Jun 16, 2014
US Navy Prepares F-35C for Carrier Landing
The shore landings, taking place at Naval Air Station Patuxent River, Md., are designed to replicate the range of conditions which the F-35C is likely to encounter at sea.
Test pilots are working on what they call a structural survey, an effort to assess the F-35C’s ability to land in a wide range of scenarios such as nose down, tail down or max engaging speed.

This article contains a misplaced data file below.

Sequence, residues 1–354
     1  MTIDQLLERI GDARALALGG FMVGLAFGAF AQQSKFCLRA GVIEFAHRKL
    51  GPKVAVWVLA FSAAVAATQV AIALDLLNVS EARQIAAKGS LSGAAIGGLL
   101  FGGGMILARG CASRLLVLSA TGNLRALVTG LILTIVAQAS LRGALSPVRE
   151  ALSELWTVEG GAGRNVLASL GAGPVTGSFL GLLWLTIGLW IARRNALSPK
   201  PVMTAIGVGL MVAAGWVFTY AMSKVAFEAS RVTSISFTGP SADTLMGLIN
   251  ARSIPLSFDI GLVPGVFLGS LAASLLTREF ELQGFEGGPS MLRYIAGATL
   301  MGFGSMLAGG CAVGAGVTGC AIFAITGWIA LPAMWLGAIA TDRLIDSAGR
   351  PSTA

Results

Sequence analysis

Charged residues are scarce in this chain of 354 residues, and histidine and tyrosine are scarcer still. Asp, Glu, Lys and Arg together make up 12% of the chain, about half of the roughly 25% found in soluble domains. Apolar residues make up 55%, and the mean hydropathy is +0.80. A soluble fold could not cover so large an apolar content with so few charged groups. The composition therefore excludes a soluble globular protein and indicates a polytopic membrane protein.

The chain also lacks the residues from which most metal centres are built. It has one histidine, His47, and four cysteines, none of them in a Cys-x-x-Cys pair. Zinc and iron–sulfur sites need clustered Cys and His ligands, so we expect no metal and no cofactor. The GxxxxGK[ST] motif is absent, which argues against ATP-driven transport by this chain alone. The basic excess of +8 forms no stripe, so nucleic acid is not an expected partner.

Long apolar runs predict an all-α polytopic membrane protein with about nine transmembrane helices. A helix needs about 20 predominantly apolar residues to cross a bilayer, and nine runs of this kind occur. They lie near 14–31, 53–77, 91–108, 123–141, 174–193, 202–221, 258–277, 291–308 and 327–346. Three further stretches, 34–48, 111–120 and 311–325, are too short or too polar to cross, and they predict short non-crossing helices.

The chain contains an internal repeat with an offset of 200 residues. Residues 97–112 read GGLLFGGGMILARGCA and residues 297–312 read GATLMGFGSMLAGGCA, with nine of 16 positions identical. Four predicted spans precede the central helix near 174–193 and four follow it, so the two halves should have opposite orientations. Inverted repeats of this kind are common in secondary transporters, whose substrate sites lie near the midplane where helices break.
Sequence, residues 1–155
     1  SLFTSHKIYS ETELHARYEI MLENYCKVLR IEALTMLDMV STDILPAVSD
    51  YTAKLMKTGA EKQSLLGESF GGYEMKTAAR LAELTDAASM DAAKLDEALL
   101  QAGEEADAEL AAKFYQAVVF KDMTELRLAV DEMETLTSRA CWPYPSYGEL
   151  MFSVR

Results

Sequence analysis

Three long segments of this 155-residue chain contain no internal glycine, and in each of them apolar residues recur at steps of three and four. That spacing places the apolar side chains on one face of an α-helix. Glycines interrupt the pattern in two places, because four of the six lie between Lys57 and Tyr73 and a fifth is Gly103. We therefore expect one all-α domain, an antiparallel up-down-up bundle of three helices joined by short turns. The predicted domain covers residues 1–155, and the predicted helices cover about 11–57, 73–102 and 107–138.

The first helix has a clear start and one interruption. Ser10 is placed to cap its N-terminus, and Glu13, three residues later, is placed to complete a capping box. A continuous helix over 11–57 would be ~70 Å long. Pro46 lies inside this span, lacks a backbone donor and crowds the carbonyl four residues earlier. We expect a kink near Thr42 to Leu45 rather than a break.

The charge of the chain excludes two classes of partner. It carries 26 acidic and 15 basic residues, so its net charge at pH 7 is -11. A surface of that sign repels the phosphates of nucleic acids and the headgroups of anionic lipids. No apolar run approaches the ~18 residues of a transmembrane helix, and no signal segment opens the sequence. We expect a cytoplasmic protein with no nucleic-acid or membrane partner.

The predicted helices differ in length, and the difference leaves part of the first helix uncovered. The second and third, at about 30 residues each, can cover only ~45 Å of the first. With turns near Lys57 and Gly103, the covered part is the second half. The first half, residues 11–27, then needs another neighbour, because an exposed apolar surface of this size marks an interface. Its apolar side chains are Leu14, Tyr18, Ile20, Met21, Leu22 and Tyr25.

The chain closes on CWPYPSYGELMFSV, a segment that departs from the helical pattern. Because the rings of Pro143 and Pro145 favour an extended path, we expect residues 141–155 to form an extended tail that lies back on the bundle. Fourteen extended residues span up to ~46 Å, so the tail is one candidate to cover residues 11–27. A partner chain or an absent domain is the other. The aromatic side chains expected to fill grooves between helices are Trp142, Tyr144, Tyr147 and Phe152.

Max engaging speed involves landing the aircraft heavy and fast to determine if it is the aircraft or the arresting gear that gets damaged.
The F-35C is engineered to be larger than the Air Force’s F-35 A or Marine Corps short-take-off-and-landing F-35B because the structure of the aircraft needs to be able to withstand the impact of landing on a carrier. Also, the F-35C has larger, foldable wings to facilitate slower approach speeds compatible with moving ships.
In total, the Navy plans to acquire 340 F-35C aircraft. Five of them have been delivered so far.